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Problems Later in Life With Large Birth Weight Babies

by Sharon Perkins , studioD

"What does the baby weigh?" is often the second question new parents ask, right after "Is it a boy or girl?" Some cultures applaud big babies, but a baby who is large-for gestational-age, or LGA, often faces a lifetime of weight and health issues. Around 8 percent of newborns top the scale at more than 4,000 grams, or 8 pounds, 13 ounces, according to Children's Hospital of Philadelphia; most are born to overweight or obese moms with gestational or Type 2 diabetes.

Overweight or Obesity

Hefty newborns grow up to be overweight or obese children and adults, in many cases. In a Chinese study published in the 2000 "International Journal of Obesity," a birth weight greater than 4,000 grams was a major risk factor for childhood obesity. In LGA babies, the risk for childhood obesity increased from 8 to 26 percent. A March 2003 article published in "Pediatrics" noted that each 2.2 pound increase in birth weight increased the risk of adolescent overweight by 40 percent if their mothers were also overweight. But for LGA infants born to normal-weight mothers, the risk of overweight in adolescence dropped to 20 percent.


An LGA baby who becomes overweight as a child, adolescent or adult is at increased risk for developing Type 2 diabetes. Type 2 diabetes -- once known as adult-onset diabetes, because it rarely affected children-- that develops in childhood or adolescence often progresses rapidly, due to late diagnosis, changing insulin requirements in adolescence and poor treatment compliance. Both overweight and genetic predisposition play a part in the development of type 2 diabetes, the Merck Manual reports.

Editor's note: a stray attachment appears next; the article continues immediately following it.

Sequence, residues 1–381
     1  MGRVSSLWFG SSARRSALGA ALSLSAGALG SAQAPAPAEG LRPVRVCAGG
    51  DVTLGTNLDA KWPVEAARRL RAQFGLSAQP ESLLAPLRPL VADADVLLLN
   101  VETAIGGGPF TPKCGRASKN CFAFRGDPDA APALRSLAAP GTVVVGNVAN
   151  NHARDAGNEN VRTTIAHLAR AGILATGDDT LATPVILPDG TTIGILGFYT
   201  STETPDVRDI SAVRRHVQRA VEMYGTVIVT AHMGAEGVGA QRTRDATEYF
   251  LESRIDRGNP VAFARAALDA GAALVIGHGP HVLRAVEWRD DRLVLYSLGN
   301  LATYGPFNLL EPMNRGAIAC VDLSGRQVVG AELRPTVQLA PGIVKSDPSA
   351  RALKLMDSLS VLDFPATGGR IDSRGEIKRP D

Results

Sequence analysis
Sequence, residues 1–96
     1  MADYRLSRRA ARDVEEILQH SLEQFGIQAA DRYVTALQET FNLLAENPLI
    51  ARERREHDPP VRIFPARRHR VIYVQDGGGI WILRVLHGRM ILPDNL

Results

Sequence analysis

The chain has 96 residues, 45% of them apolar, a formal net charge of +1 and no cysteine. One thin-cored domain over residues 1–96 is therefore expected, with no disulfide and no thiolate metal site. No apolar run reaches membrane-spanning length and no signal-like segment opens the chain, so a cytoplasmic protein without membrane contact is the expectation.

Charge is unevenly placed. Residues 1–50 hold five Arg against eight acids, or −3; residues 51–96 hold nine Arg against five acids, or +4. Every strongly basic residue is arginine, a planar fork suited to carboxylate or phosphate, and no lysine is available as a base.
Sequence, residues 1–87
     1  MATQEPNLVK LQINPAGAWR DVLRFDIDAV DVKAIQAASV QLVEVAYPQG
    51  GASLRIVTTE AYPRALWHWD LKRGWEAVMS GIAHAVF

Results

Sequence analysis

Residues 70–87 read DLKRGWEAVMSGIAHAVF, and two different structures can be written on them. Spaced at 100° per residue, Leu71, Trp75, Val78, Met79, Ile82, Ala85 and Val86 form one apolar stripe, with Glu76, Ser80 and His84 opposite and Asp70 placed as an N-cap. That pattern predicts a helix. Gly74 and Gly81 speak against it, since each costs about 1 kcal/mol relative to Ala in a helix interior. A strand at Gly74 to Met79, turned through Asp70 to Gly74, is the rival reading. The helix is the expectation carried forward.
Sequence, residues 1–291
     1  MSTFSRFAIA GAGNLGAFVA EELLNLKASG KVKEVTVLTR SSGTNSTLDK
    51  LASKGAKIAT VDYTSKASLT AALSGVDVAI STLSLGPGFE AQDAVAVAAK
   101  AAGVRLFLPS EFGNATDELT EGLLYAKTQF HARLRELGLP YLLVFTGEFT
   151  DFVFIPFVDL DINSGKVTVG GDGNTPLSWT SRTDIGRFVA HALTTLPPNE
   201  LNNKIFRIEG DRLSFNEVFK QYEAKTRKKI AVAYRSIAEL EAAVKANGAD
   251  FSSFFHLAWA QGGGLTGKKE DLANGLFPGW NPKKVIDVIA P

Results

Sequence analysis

Heart Disease

You might think of heart disease as a disorder of adulthood, but the seeds of heart disease are often sown in childhood and adolescence. As many as 49 percent of overweight teens and 61 percent of obese teens have at least one risk factor for heart disease, according to a Centers for Disease Control and Prevention study published in the May 2012 issue of "Pediatrics." Risk factors include diabetes or pre-diabetes, high cholesterol or high blood pressure.

Combatting the Problem

Large babies born to normal-weight parents have less risk of developing weight problems, which lead to a multitude of health issues, than those whose parents are overweight or obese. Parental overweight is the main risk factor for overweight in childhood; 80 percent of obese 10- to 14-year-olds with obese parents will be obese as adults, the University of Rochester explains. Reducing your own risks by losing weight, exercising more and eating a healthier diet can also reduce your child's risk of serious health problems at a young age and all the way through adulthood.

About the Author

A registered nurse with more than 25 years of experience in oncology, labor/delivery, neonatal intensive care, infertility and ophthalmology, Sharon Perkins has also coauthored and edited numerous health books for the Wiley "Dummies" series. Perkins also has extensive experience working in home health with medically fragile pediatric patients.

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